“On my stomach,” I said.

He started to explain how this was problematic even for people who don’t have back problems, because turning to the head to the side for so long can really torque the thoracic vertebrae.

“Um, well, it’s not all night,” I said. I pictured a typical night: I start out alone in bed, on my stomach. C comes to bed an hour later; there’s some shifting around. A few hours after that, Max or Ben climbs in with us, and I sleep on my side, curled around the child. Another hour or two, another child climbs in, and I end up on my back between them.

This is hard to explain to someone, especially if that person gets to enjoy going to bed alone or with one other person and waking up in similar conditions.

“Here,” said Andy. “If you’re on your side, you want your pillow height to be like this” — he tucked a thicker pillow under my head — “and you can also roll up a towel lightly for under your neck, like this” — and he gently put a rolled-up thin towel under my neck. Then he studied me.

“And to support your lumbar spine, you can put another folded towel here. Lift up,” he commanded, and he slipped a folded towel under my waist. “And of course this is important, too,” as he slid a pillow between my knees.

I lay there for a minute, envisioning sleeping in such a supported fashion. It was nice.

“You can also hug a pillow in your arms to further support you and keep you from rolling forward,” he said.

“Oh, if I am on my side, I’m usually leaning on the small child in front of me. So I tend not to roll forward,” I said.

Andy nodded.

“And sometimes there’s another child right behind me, so I don’t roll back.”

Andy’s expression indicated he probably didn’t experience this kind of thing. “Let’s talk about sleeping on your back,” he suggested. “So if you roll onto your back, you’d remove this” — he pulled the pillow from between my knees, the other from my arms, and the folded towel from under my waist — “and you’d want a thinner pillow, more like this one” — he replaced the pillow under my head — “and you might want a different or smaller rolled towel under your neck. You can even put it inside the pillowcase, taped to your pillow, so it’s always in the same place.”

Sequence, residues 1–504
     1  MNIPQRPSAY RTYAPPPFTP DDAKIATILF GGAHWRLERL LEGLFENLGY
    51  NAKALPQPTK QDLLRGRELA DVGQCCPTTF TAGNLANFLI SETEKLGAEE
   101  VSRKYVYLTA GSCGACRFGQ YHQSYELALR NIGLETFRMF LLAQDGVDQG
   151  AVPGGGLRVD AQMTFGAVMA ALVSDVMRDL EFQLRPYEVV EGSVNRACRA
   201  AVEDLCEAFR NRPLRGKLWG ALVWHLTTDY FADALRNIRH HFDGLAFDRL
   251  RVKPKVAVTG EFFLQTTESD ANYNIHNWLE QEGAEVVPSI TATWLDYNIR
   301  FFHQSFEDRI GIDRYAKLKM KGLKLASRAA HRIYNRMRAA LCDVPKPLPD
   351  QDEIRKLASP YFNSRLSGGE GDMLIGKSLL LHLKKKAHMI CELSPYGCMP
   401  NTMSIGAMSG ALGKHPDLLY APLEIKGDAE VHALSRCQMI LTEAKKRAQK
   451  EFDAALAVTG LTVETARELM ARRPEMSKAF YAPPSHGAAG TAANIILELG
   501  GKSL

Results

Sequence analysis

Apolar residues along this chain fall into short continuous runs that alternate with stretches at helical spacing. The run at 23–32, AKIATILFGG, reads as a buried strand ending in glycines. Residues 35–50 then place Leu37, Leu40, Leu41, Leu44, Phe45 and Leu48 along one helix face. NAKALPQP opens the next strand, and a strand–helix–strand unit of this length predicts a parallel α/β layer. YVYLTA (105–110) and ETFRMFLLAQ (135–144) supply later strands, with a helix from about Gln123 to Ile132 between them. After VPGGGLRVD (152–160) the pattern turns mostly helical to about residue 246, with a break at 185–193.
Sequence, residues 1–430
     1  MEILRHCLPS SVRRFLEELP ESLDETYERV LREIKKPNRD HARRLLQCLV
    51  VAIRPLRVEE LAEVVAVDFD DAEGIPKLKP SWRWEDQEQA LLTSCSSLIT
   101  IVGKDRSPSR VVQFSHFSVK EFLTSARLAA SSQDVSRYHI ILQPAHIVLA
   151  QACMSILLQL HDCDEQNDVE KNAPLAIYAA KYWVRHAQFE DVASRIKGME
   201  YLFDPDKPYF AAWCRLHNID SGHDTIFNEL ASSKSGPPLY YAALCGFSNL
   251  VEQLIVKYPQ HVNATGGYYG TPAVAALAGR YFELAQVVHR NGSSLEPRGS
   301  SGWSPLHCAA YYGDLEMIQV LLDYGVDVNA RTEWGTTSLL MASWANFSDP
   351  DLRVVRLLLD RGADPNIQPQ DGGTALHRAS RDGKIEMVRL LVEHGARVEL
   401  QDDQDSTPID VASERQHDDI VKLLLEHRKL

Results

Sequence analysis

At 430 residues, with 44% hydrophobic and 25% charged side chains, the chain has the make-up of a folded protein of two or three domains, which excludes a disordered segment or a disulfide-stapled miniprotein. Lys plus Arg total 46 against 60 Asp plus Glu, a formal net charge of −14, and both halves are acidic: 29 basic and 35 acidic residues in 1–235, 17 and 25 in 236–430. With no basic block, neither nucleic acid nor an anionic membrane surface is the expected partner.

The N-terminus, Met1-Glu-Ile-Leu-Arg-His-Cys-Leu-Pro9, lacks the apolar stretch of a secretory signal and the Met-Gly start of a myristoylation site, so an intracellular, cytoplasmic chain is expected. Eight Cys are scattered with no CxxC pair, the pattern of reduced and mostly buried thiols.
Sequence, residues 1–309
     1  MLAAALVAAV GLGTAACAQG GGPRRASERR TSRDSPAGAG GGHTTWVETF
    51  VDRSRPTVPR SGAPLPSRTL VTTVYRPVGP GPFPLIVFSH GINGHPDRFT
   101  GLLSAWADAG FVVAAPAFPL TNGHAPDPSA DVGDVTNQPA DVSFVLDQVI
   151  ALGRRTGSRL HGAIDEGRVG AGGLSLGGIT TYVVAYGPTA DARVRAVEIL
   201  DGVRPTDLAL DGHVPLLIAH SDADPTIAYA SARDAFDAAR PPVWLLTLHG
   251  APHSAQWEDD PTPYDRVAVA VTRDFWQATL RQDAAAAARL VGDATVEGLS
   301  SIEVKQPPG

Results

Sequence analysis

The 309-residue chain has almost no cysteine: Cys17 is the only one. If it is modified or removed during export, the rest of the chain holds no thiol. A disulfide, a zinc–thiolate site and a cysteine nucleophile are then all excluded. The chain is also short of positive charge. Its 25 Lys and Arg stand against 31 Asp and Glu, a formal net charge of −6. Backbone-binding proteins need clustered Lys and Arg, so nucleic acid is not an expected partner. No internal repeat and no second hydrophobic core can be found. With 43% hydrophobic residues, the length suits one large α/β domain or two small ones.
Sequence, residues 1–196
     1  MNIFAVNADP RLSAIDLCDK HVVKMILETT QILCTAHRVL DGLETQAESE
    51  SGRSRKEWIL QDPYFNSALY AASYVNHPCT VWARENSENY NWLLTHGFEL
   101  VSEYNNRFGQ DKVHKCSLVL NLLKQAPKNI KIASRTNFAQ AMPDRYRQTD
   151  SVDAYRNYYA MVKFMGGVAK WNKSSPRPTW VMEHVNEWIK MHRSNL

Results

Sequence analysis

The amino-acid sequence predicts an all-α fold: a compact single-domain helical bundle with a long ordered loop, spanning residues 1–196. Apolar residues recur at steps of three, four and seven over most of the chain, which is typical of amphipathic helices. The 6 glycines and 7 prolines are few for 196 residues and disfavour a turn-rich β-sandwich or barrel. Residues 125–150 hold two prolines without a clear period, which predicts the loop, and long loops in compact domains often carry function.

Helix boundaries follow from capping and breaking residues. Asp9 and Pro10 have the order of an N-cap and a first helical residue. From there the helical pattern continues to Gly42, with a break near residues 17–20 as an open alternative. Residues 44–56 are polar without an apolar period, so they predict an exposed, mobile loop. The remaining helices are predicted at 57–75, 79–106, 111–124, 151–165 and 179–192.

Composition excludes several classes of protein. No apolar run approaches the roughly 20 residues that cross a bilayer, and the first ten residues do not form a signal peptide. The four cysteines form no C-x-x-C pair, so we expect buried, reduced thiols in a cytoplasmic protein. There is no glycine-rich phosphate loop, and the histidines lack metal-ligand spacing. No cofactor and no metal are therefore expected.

I lay there in the new position, thinking about the other night, when I woke up at 3 a.m. to find Max hogging my pillow. I’d lifted my head to pat what I was using as a pillow and realized it was Ben’s butt. Ben didn’t seem to mind, and I couldn’t move Max off of my pillow, so I’d put my head right back down on Ben’s butt and went back to sleep.

“So give this a try,” Andy continued. “Either on your side or on your back, with these supports.”

I will. I will indeed. As soon as the kids leave for college.

So Do You Speak English, or Don’t You? My Curious Kid Might Lack Manners.

C took the kids to the grocery store today, because I was working. Max heard people speaking something other than English.

“What are they speaking?” he asked C.

“French,” said C. “Why don’t you go near and listen?”

Max stood right in front of the couple and stared up at them, frowning in concentration. They looked at him and then at C, who gestured that Max was trying to listen to their language.

Max finally said something to the man.

“I don’t speak English,” the man replied.

“Yes, you do!” said Max. “You just spoke English!”

The man shrugged, not comprehending.

Max was a little confused, too.

I confused the locals (and myself!) when I memorized the phrase, “I don’t speak Icelandic!” before our trip to Iceland this summer. It’s really not the most useful phrase in the book, when you think about it.